Copper bactericides need to be reapplied often, due to the growth of the plant (new and expanding tissue is unprotected) and due to losses from rain and even wind.  Yes, wind can actually blow the larger copper particles off of the plant!  In wet, rainy conditions, and when growth is rapid, copper will have to be reapplied more often than in dry conditions.

When looking at formulations, there are many factors that influence efficacy such as:

  • Particle size:  Smaller particle sizes have more surface area to release copper ions (the part that is active on the bacteria). Smaller particles are not as susceptible to loss through rain and wind. Note that particle size cannot be determined by looking at the product. The size of the granule in the formulated product is not related to individual particle size.
  • Elemental (metallic) copper content:  Shown on the label.
  • Surfactants in different formulations can affect rainfastness and spreading.

It is not possible to evaluate how well the product will perform based on these characteristics, however. During application and in the field there are other factors that come into play.  For this reason efficacy trials have been used to compare performance of various fixed copper products under field conditions in Ontario.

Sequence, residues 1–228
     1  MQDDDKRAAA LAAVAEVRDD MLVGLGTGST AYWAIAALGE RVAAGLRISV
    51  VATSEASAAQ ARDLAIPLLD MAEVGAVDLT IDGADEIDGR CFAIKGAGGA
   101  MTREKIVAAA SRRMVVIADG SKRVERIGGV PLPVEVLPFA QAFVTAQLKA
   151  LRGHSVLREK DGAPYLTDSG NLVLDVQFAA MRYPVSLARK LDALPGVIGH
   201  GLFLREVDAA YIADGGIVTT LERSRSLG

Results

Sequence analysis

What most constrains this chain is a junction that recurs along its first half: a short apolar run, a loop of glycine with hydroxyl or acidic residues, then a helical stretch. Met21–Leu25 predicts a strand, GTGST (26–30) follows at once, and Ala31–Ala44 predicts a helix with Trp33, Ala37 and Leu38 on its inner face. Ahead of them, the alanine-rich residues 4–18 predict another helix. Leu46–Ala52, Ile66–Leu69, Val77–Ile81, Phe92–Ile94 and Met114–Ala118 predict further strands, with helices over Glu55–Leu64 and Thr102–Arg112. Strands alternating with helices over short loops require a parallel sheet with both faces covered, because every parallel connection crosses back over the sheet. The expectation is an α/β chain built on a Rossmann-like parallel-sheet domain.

Effectiveness of copper and other products for bacterial spot management

Research trials to evaluate copper bactericides and other products for bacterial spot management in processing field tomatoes were completed at the Ridgetown Campus, University of Guelph from 2010 to 2013. Areas of focus included efficacy of different brands and formulations of copper, efficacy of copper alternatives, efficacy of copper products mixed with other products, and the influence of the number of applications of copper during the field season on bacterial spot epidemics. For all trials, at least one product application was made prior to inoculation with X. gardneri. In 2010-2012, trials were also inoculated with Pseudomonas syringae pv. tomato, which causes bacterial speck on tomatoes, but is considered less aggressive than X. gardneri.